Lord of the Rings -- My Thoughts

Most of the following has been copy and pasted from another site of my own.

Fellowship of the Ring

Have you ever had one of those moments where you know that you're experiencing a life-altering event? Something that will change you forever? The first time that I saw Lord of the Rings: Fellowship of the Ring, and I saw the army of the Last Alliance of Elves and Men marching stalwartly towards the forces of Mordor in the opening scenes of the movie, I knew that I was on the brink of something very important in my life. As the movie unfolded and I experienced a gamut of emotions, from happy joy at Frodo jumping into Gandalf's arms, through concern at the gripping action in Moria, to actual grief at the death of Boromir, I felt myself wishing that the movie would never end. The movie has had such a profound effect on me that I've seen it a dozen times now, and started this site.

Oh, I can see some of you shaking your head and saying, "It's just a movie, Rivka! Get a grip." Maybe. Maybe it's just a movie to some. I certainly wouldn't rank its affect on my life up there with say, my wedding day, or the day my grandmother died. But it can't be denied that it has affected me strongly in many ways. The movie has such an emotional depth and beauty to it that I find myself deeply moved, even when watching it for the 12th time. How rare to come across such a fulfilling and stirring film, especially in today's cinema arena (perhaps the fact that it is not actually a Hollywood film is part of the reason it came out so well.) I find it hard to believe that even the most hard-bitten cynic wouldn't be moved by the complex emotions and poignant scenes that this movie portrays.

Of course, a significant portion of the film's success lies in its source material. More than anything else, I love this movie for having introduced me to the rich and exciting world that Tolkien himself created. I had read the Hobbit as a child, but could never get into Lord of the Rings for some reason. Having now read the books, I can appreciate the movie even more (while at the same time, railing at the changes that were made; but that's a topic for a different entry.) As a librarian, I'm exceedingly pleased that the movie may have caused some people to (gasp!) actually pick up the books and read them.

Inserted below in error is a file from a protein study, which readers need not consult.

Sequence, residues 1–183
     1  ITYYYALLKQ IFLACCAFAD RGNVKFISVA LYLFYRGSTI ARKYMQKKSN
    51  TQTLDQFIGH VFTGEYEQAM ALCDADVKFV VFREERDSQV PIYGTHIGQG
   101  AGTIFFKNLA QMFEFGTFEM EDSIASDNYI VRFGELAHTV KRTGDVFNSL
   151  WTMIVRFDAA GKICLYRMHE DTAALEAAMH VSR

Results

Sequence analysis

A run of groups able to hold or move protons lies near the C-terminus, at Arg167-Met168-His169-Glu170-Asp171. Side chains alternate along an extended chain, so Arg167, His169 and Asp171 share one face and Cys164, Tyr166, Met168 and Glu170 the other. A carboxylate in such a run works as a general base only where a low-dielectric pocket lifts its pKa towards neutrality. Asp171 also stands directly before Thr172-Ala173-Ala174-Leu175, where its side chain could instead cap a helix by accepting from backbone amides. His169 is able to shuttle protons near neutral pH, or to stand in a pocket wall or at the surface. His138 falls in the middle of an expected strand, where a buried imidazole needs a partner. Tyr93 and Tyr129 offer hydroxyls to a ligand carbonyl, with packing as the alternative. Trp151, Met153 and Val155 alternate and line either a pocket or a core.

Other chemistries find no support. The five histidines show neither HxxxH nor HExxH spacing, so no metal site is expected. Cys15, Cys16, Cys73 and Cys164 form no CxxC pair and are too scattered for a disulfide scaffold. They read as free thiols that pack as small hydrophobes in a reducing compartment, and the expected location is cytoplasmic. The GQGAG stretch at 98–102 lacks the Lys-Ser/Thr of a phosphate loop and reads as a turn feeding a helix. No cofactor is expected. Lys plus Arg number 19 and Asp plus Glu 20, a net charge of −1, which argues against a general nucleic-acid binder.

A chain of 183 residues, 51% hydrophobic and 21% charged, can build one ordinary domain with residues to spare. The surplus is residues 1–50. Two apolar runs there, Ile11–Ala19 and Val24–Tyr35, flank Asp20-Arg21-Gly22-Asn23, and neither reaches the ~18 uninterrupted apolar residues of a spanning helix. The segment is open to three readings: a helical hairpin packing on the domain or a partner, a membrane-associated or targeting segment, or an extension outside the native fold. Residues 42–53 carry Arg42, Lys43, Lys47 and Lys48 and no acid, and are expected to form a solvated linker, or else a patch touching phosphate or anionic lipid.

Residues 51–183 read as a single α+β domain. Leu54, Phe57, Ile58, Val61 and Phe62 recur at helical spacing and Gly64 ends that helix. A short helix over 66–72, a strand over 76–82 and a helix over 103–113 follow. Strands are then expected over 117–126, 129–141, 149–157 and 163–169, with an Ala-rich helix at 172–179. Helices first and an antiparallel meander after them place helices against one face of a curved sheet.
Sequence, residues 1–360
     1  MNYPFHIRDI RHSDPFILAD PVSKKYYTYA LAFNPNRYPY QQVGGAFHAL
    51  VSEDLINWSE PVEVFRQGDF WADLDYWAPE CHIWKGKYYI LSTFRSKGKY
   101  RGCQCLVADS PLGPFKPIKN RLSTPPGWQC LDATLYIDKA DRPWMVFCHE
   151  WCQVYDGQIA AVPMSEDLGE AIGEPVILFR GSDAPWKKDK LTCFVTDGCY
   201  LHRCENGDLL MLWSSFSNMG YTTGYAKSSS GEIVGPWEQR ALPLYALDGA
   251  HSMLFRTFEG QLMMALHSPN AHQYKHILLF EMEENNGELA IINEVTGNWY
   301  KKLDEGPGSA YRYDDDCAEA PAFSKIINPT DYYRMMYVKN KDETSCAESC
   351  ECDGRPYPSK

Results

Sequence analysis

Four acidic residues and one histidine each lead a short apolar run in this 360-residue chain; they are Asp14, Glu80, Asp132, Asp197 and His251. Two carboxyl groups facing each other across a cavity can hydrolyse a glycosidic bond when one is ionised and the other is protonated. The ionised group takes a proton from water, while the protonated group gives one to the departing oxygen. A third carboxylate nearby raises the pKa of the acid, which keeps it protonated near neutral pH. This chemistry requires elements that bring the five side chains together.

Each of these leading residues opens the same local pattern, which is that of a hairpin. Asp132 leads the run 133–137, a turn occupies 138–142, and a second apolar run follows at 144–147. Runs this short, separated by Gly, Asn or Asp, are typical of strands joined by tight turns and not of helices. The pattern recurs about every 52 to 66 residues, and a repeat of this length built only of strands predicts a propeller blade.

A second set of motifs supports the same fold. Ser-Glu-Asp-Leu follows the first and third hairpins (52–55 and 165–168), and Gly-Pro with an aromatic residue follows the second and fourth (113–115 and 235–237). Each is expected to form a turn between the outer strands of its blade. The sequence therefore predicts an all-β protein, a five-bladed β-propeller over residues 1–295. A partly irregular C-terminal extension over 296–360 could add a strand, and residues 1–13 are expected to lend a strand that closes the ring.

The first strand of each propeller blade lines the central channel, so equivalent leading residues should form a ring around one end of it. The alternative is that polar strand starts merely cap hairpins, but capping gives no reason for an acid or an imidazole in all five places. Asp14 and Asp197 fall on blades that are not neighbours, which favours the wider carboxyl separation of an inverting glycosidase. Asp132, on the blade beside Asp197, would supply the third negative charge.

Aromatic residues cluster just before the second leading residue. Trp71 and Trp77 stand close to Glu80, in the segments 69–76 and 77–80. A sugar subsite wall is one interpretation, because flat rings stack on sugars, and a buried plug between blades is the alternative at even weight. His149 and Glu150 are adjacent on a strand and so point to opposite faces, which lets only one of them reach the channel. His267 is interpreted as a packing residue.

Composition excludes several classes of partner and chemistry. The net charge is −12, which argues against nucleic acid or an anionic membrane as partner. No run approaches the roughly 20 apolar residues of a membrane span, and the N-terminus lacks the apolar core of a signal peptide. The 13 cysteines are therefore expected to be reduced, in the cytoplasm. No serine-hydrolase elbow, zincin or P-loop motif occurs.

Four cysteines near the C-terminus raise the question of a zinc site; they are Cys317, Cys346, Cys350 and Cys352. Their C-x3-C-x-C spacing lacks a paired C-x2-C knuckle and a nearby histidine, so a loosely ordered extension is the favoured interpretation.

But since this is supposed to be a movie review, I guess I should actually get to reviewing the movie, huh?

The Script

I have very few gripes with the script, and was incredibly put out that it didn't win Best Adapted Screenplay at the Oscars. My favorite scene in this entire film is the one where Frodo and Gandalf are talking in Moria; it's a beautifully written scene, and it works so well where it's been placed in the film (it's lovely in the book, too, but I think it has more emotional impact in the film, due to Gandalf "dying" shortly afterwards). I think most of the best lines in the movie are the ones taken directly from Tolkien's writing. The scriptwriter was very wise to use as much of his dialogue as possible-not only would the fans have lynched her if she hadn't, but there's no reason to rewrite perfection.

My second favorite scene, though, is one that expands greatly on what appears in the book, and that is Boromir's death scene. The line, "My brother…my captain…my king," gets me every time, and if you didn't at least tear up watching that for the first time, you must have a heart of stone.